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Monday, December 09, 2019 {{ new Date().getDay() }}

Photo by Andrea Austria / Media Matters

Reprinted with permission from Media Matters

The Food and Drug Administration's announcement on Monday that it had granted full approval to Pfizer's coronavirus vaccine for people 16 years and older could have provoked a reevaluation at Fox News of the network's efforts to undermine the vaccination campaign. The announcement was a potential offramp for Fox personalities who have regularly suggested that coronavirus vaccines are unsafe and ineffective and that efforts to get the public vaccinated are overly coercive impingements on freedom, offering them a chance to pivot toward urging their viewers to take the potentially life-saving shots.

But Fox didn't take that opportunity. Instead, the network gave the news significantly less coverage than its competitors, while the network's right-wing propagandists weaponized it to stoke conspiracy theories and paranoia.

The FDA's much-anticipated announcement is a big deal. All of the coronavirus vaccines had previously been issued only under an emergency use authorization while the agency continued to study their safety and efficacy. While FDA officials, like other public health experts in government, had urged people to get the shots, the lack of full approval put organizations that wanted to require the vaccines in a legal dilemma until the FDA completed its laborious analysis. Full approval "is likely to set off a cascade of vaccine requirements by hospitals, colleges and universities, corporations and other organizations" and could convince some holdouts to get their shots voluntarily, which should trigger an uptick in vaccinations, as The New York Times reported after the FDA's announcement.

But Fox didn't treat the news as a game-changing development with the potential to save the lives of many Americans. Instead, Fox gave the FDA announcement significantly less coverage than CNN or MSNBC, as CNN's Brian Stelter reported. Some Fox programs, like flagship "news"-side show Special Report, provided only brief coverage buried in the broadcast, while others ignored the news altogether.

And Fox's treatment of the story took a dark turn when the evening "opinion" shows came on, as right-wing propagandists who have regularly sought to derail the vaccination campaign used the news to fearmonger against the effort.

"Today, the FDA approved Pfizer's COVID-19 vaccine," host Jesse Watters said at the beginning of a segment on the erroneously named Fox News Primetime. But for Watters this was bad news, "opening the door for, you guessed it, more mandates." Warning that now, employees "are on the risk of being fired for refusing to get vaxxed," Watters suggested that this might "hurt the economic recovery." His guest, talk radio host Dana Loesch, argued that full authorization "doesn't change the fact that there are people who have questions," and she lashed out at "vaccine bullies trying to smear people who have questions as being anti-vax."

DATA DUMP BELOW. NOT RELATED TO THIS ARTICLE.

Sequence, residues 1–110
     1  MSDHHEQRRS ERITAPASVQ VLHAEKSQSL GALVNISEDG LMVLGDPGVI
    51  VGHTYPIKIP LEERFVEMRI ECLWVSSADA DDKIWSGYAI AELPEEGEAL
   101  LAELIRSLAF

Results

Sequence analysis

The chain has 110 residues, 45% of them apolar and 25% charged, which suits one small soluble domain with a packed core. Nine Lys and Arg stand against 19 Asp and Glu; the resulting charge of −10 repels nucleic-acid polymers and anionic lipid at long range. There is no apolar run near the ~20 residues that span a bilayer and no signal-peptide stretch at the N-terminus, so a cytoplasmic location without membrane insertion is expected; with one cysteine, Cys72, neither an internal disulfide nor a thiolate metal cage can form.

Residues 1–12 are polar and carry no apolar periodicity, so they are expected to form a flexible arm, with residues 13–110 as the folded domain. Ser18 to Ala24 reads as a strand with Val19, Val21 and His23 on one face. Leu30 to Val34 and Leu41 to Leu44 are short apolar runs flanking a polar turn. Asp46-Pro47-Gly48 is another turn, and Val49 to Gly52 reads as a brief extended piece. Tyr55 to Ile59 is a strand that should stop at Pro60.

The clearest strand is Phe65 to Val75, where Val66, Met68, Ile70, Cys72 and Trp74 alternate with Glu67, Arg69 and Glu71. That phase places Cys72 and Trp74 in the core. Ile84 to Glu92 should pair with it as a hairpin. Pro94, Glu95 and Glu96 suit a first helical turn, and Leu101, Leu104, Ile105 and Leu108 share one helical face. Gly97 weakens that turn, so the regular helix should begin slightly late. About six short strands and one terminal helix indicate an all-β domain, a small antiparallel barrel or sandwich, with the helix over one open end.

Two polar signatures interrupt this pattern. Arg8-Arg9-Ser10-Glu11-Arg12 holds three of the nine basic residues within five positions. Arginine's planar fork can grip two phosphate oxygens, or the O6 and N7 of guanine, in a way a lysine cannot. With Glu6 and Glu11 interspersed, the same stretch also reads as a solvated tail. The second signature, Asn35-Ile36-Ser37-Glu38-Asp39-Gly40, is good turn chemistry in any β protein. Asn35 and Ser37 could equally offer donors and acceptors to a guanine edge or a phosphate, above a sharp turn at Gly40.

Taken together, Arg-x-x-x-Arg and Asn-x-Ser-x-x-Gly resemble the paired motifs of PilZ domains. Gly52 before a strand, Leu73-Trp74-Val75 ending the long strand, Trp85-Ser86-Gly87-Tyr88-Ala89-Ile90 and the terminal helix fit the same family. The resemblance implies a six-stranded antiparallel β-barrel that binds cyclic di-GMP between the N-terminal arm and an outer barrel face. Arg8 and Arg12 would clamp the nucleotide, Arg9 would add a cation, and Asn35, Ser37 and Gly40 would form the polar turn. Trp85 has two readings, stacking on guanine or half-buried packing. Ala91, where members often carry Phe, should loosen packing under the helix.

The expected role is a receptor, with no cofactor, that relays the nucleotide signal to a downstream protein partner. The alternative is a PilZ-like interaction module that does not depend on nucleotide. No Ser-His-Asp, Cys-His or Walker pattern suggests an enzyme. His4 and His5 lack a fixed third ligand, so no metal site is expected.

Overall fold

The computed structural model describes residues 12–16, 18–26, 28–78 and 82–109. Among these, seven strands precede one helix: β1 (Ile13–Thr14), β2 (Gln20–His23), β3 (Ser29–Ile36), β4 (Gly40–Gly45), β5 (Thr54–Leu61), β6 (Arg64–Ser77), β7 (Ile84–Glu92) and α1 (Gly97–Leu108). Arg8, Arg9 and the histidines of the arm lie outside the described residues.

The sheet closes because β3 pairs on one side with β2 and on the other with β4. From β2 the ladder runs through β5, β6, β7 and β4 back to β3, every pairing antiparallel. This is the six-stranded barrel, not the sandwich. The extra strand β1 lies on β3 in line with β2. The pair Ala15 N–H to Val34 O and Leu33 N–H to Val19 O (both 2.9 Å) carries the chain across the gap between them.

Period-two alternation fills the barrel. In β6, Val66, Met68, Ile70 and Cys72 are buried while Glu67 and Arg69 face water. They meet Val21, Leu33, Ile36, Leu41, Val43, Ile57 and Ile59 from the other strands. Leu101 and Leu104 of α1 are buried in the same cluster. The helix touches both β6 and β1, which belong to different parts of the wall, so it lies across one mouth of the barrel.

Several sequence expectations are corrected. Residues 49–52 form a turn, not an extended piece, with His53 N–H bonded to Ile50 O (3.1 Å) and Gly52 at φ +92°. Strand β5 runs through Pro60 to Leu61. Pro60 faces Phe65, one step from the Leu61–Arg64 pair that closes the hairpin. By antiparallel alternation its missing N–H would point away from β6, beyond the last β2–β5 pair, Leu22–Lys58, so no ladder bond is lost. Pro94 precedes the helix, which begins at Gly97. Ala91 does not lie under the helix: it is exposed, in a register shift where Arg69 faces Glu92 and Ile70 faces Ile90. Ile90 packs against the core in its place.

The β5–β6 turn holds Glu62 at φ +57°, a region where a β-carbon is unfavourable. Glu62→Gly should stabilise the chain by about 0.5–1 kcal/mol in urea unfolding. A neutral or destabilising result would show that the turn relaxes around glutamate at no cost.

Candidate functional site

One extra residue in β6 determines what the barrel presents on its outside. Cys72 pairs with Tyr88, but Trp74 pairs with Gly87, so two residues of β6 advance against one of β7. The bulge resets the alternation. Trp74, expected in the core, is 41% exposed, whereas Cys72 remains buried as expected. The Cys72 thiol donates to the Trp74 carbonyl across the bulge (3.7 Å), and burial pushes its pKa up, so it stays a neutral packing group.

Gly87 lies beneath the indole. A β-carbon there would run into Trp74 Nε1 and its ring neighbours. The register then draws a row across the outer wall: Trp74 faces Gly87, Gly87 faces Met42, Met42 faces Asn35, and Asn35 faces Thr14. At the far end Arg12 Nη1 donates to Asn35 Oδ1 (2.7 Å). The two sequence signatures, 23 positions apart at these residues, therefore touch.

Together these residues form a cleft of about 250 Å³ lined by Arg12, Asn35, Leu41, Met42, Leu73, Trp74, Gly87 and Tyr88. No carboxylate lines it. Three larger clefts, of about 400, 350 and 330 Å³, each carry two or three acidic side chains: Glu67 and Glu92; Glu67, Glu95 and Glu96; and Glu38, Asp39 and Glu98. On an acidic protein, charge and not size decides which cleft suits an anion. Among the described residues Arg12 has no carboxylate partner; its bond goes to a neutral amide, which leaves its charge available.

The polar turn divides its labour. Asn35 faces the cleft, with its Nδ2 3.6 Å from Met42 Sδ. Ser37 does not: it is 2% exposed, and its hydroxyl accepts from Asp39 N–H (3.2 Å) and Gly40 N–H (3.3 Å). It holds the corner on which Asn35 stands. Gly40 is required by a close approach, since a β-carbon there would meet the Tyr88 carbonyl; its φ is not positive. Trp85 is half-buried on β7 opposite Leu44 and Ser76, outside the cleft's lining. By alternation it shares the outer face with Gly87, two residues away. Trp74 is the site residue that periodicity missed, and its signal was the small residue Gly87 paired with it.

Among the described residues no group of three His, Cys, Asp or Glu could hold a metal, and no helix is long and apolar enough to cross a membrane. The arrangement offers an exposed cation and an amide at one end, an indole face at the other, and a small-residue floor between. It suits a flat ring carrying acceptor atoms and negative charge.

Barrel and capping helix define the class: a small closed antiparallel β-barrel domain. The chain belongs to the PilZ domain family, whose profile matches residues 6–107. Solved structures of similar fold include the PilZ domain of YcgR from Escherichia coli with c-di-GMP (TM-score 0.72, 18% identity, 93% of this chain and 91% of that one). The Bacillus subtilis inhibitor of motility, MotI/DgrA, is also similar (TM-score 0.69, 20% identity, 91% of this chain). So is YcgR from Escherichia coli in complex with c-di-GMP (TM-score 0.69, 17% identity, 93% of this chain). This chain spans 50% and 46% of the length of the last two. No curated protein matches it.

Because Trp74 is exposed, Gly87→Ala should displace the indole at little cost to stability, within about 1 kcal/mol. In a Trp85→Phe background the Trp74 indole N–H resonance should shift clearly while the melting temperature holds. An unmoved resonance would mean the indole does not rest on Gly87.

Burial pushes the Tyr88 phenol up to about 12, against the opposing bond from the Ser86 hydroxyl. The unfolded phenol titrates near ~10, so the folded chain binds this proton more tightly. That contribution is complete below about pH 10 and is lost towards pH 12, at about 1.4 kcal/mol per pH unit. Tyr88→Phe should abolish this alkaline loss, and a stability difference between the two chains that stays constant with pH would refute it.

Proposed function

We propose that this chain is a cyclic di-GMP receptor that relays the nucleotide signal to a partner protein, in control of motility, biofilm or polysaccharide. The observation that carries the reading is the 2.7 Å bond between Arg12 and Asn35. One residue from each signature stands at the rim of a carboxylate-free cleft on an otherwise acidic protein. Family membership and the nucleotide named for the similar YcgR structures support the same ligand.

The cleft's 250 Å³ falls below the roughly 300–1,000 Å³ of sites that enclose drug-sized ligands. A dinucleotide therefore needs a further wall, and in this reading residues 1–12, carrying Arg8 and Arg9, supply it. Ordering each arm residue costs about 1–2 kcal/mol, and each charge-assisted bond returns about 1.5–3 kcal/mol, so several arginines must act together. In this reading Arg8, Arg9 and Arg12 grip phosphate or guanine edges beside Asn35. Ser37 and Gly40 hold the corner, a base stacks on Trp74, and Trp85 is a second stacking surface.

"You're not allowed to ask questions anymore, Dana, that's clear," Watters concluded. "Questions are dangerous."

Up next was prime-time star Tucker Carlson, perhaps the nation's foremostcoronavirus vaccine skeptic. But Carlson didn't even mention the FDA news. He did, however, find time to discuss HBO host Bill Maher's rant about not wanting to take a vaccine booster shot.

Fox host Sean Hannity, like Watters, first addressed FDA approval in warning that "now they're going to mandate employers" to force people to take the vaccine even if "your doctor says don't get it" (in fact, employer mandates often include medical exemptions). He also went on to decry "one-size-fits-all medicine."

In a rare break from the Fox prime-time norm, later in the segment, Fox medical contributor Dr. Nicole Saphier said that "the FDA approval of the Pfizer COVID-19 vaccine at this point is another step forward to encourage people to get vaccinated," noting that the agency "poured through over 200,000 pages of data and over the 20,000 trial participants."

"There's a lot of safety and efficacy data there and they have done their due diligence on that," she added. But Saphier went on to criticize vaccine mandates, saying they "continue to ignite the personal accountability war."

Fox host Laura Ingraham similarly treated the FDA announcement as bad news for her viewers. "The FDA approved the Pfizer COVID vaccine today, I know you're shocked," she said at the top of a segment that started 51 minutes into her broadcast. "And of course, President Biden is using it as justification to take away your rights."

Hosting one of her regular "Medicine Cabinet" guests, Dr. Jay Bhattacharya, Ingraham asked, "Professor, did they not push this FDA approval too fast, especially when you compare it to the normal approval process?"

"They did," Bhattacharya replied. "Normally it would take years to get a vaccine tested and approved through the FDA approval process." He later added that "the FDA approval does not change the fact that we don't have long-term safety data with the vaccine."

The next morning's Fox & Friends opened with a clip of Ingraham saying, "the Biden administration is using the FDA' vaccine approval to punish more Americans." Over the rest of the three-hour broadcast, "vaccine" was mentioned only 10 times, according to a closed caption search. And the only full segment focused on the FDA approval was framed around the allegation that the Biden administration had gotten it to distract from the Afghanistan withdrawal.

After spending years convincing their viewers that other news outlets can't be trusted, Fox's hosts have a unique moral responsibility to try to get them vaccinated. But they've shirked that responsibility at every turn throughout the pandemic, and the FDA's authorization hasn't changed anything for them.

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